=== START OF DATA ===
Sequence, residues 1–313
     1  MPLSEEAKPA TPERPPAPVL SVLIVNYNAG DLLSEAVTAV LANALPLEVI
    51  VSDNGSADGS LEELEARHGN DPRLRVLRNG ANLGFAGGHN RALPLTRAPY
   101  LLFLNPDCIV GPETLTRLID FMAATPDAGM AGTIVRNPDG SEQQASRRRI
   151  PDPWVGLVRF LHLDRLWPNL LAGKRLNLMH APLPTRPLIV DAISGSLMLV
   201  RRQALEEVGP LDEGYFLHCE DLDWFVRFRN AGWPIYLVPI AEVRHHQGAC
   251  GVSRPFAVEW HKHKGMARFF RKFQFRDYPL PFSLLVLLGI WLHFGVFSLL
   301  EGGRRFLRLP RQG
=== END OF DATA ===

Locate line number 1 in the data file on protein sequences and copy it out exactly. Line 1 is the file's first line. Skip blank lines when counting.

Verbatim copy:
Sequence, residues 1–313